As Sunday’s Emmy Awards telecast approaches, the Writers Guild of America West last night hosted its annual ”Sublime Primetime 2010″. It was a panel discussion with Emmy-nominated TV writer-producers including Carlton Cuse (Lost), Rolin Jones (Friday Night Lights), Mindy Kaling (The Office), Robert King and Michelle King (The Good Wife), Bruce C. McKenna and Robert Schenkkan (The Pacific), and Ryan Murphy, Brad Falchuck, and Ian Brennan (Glee). As part of Deadline’s ongoing series on TV’s top showrunners, freelance journalist Diane Haithman examines the WGA’s Showrunners Training Program about making the leap from writer to boss:
The sixth season of the Writers Guild West’s Showrunner Training Program begins January 2011 and is taking applications now. Conducted in partnership with the Alliance of Motion Picture and Television Producers, it’s designed to help senior-level writer-producers hone the skills necessary to become successful showrunners in today’s television landscape. But if you want to find about 2010′s boot camp, then you have to first get past the “Cone of Silence”. It seems fitting that the people who make and create TV shows would turn to the sitcom Get Smart to describe the bubble of secrecy that shrouds the popular program. Though voluntary, the pledge to not reveal what happens is vital to the program’s effectiveness. “We’ve only had one instance in five years when something got out of the room, and it was unfortunate but it was the result of an honest mistake,” Jeff Melvoin, showrunner for Lifetime’s Army Wives and one of the founders of the program, tells me. “The reason we have the Cone of Silence is, we want the experience to be meaningful. We have top folks coming in and talking about their experiences, and I think that if people are going to give up six Saturdays and do this program, they deserve the best that we can give them, and that means not pulling any punches.”
While the artistic mission behind the program is making better TV, there’s also another compelling reason: money. Networks and studios are constantly complaining there aren’t enough experienced TV showrunners (creatives who also know how to handle the financial and managerial aspects of putting on their shows). The AMPTP collectively give an estimated $125,000 to $150,000 annually to fund the boot camp. After all, they benefit most from it. The program is one of the most sacrosanct even when the WGA and AMPTP negotiate contracts.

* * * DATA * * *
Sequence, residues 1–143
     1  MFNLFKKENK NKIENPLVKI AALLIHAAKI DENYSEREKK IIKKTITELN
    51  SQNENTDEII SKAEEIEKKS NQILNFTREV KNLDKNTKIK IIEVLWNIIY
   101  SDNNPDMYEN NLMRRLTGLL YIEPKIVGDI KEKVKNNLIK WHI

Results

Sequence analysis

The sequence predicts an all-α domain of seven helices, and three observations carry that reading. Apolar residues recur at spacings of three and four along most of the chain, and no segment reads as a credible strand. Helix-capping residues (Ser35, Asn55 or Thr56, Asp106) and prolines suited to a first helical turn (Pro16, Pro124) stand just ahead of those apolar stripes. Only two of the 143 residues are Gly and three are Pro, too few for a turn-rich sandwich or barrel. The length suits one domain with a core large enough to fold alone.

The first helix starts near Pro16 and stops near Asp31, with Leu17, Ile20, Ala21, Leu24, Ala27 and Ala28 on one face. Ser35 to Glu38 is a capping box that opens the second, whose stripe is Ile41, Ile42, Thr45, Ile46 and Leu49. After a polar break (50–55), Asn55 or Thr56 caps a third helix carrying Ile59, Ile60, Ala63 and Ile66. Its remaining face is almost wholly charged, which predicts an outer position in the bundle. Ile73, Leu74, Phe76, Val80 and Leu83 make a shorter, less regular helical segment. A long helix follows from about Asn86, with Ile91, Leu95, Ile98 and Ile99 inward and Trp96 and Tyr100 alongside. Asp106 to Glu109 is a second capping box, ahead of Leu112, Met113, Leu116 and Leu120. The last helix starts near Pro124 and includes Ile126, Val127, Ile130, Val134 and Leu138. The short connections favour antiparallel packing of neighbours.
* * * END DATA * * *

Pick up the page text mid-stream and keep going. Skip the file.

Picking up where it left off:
As program co-founder and WGAW president John Wells (E.R., Third Watch, West Wing) tells me: “It’s really kind of a crazy thing, if you think about it – there aren’t too many businesses where somebody writes something, they produce it in the spring [as a pilot episode] and come May 1st somebody says: ‘All right, here’s $26 million – go hire 150 to 200 people and spend it all by sometime next May.’” Wells says that it’s virtually impossible to be just a writer anymore in television. “Some people have done it very successfully, where they’ve found a partner who is willing to take over all the managerial stuff and they are allowed to just sit someplace and write,” says Wells. “But in television, it is certainly the aspiration to reach a point where you are controlling your own material, and feel that you are making decisions about what you are doing – the cast, the music, what the cut looks like.”
Wells and Melvoin formed the program because both believe the apprenticeship system long in place before the word “showrunner” even existed has disappeared. Plus, shows are being given to creators who cut their teeth in the feature film world or, more rarely, playwriting or other writing disciplines. So these creatives were coming to television with a unique vision but no practical experience in the medium.
Lost is making a stylish exit with 12 Emmy nominations for its sixth and final season, including best drama series, best lead drama actor (Matthew Fox), supporting actors (Terry O’Quinn, Michael Emerson) as well as writing (Damon Lindelof and Carlton Cuse) and directing (Jack Bender), both for the much-talked-about series …